As we have argued, under manufacture the source of profit was recognised to be labour power. However, once production cannot be carried out competitively without machines, production becomes increasingly capital, rather than labour, Intensive. As larger and larger sums of money are required to commence production, the money capitalist - Mr Moneybags as Marx calls him - can turn to labour and say,' Without me there could be no production.' Indeed, assuming capitalist production, this is totally accurate: money capital now appears to be autonomously productive, for, as Cohen suggests, labour power and machines appear productive by being the embodiment of it (Cohen, 1978). These developments Marx called the 'fetishisation' of capital (Grigg-Spall, Ireland & Kelly in this chapter; Cohen, 1978; Sayer, 1979). This is the belief, based on the way things appear, that capital is as productive of value as labour; that they are both simply 'factors of production', entitled to their' fair' share of the proceeds of production. This fetishisation of capital masks exploitation and class division, and provides the basis for treating the exchange between capital and labour as an exchange of equivalents between equals - the basis, that is, for the contract of employment.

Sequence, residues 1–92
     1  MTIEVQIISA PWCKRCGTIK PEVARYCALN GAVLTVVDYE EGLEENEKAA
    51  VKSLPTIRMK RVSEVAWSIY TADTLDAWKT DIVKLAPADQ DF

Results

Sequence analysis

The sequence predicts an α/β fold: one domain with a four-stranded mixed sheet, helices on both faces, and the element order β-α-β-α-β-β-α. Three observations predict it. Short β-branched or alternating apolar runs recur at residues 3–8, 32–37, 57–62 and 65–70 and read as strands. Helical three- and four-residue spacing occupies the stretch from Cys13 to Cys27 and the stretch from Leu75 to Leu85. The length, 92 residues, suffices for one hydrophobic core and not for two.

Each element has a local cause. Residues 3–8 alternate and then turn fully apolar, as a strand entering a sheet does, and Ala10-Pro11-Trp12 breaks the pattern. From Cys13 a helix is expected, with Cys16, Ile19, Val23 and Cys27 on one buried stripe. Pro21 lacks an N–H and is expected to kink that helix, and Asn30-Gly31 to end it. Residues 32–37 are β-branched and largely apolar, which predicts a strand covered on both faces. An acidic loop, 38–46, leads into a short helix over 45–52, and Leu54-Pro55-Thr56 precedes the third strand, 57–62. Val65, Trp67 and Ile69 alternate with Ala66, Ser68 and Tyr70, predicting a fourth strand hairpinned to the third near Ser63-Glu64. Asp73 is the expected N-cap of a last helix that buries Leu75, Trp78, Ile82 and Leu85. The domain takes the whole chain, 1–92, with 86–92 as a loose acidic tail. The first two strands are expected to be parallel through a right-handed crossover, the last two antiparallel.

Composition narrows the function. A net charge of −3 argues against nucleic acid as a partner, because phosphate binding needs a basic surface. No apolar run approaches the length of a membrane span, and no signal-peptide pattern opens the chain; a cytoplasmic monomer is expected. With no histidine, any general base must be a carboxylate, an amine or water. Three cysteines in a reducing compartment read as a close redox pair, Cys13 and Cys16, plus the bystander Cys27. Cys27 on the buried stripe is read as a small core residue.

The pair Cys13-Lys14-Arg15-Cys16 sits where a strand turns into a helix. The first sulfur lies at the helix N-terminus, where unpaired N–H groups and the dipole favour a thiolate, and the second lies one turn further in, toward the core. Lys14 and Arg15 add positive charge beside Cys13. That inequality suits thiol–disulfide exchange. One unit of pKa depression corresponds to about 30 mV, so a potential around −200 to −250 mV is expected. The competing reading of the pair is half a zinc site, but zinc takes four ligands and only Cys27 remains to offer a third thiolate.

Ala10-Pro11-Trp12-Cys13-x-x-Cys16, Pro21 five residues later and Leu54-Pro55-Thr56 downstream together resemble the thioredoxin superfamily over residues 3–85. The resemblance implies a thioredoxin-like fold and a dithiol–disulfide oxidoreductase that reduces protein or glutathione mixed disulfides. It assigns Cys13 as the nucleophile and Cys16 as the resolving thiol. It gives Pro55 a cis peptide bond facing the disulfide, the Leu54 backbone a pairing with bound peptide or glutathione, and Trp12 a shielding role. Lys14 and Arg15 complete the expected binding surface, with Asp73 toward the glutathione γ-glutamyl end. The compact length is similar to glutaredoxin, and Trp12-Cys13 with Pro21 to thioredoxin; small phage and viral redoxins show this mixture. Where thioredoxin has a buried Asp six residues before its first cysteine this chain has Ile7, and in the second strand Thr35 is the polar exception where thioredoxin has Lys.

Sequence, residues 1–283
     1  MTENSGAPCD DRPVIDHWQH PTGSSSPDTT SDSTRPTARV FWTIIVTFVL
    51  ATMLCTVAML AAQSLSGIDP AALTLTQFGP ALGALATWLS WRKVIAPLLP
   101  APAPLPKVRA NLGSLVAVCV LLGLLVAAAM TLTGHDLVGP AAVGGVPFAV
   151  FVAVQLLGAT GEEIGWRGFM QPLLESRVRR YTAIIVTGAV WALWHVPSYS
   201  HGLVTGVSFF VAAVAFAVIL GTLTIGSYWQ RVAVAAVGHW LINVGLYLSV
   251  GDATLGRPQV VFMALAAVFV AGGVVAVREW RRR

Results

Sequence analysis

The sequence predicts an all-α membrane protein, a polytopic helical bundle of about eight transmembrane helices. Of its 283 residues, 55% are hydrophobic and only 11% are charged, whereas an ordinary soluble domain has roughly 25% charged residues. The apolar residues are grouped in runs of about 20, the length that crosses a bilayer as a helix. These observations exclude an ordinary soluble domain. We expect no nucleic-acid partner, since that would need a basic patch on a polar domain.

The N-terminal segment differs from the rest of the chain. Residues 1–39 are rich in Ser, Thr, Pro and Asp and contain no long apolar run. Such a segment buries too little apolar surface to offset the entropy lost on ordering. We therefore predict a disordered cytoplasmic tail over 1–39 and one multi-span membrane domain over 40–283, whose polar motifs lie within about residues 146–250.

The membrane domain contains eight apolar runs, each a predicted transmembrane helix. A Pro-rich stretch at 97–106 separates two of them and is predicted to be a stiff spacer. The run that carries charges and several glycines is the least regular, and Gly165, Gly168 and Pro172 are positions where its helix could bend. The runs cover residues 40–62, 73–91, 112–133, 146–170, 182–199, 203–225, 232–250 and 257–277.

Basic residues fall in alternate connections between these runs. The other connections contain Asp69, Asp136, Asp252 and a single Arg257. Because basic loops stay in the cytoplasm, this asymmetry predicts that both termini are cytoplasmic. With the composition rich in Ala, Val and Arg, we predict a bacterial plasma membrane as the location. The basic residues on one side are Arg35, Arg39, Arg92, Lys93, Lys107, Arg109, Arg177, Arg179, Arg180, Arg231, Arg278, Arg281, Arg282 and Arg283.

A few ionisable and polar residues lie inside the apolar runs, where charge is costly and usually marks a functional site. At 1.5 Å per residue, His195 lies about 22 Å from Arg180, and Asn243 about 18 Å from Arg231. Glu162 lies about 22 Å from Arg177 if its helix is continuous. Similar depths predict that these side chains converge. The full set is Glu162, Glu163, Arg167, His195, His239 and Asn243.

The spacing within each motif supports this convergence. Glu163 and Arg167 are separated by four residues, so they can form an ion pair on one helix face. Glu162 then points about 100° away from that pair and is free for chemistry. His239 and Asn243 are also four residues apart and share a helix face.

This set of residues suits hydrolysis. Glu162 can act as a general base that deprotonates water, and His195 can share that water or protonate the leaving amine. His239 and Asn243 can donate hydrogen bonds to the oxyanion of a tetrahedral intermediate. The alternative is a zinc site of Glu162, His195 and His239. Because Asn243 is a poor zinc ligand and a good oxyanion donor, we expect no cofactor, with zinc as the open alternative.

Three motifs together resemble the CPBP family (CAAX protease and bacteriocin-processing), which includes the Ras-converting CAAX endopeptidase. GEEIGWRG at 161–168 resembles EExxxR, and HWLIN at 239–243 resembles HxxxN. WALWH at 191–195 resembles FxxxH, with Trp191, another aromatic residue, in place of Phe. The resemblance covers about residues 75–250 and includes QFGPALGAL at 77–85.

Under manufacture, the origins of profit in labour time was apparent. With machinofacture, this connection is lost to consciousness, and capital and labour appear to stand as equals in the production process and to exchange equivalent for equivalent. Workers come to accept as natural, necessary and right the claim of money capital to the profits of production. The hierarchical organisation of the workplace geared to profit-making comes to seem inevitable and necessary. This is reflected in the acceptance by working-class organisations, trade unions and the Labour Party of the 'naturalness' and inevitability of the capitalist market (see John Fitzpatrick in this book).

Elsewhere, this change was reflected in the demise of the labour theory of value and the classical political economy of Smith and Ricardo, and in the rise of neoclassical economics with its concentration (like the modern form of capitalist law) on exchange relations between isolated Individuals; on what Marxists would call the fetishised appearances of the market (Fine, 1984; Grigg-Spall, Ireland ~ Kelly in this chapter). The so-called autonomy of law, the idea that law is unconnected to social and economic relations, and the concept of the rule of law - as expressed in the works, for example, of Dicey and Hayek is predicated on the same premises (Dicey, 1959; Hayek, 1944).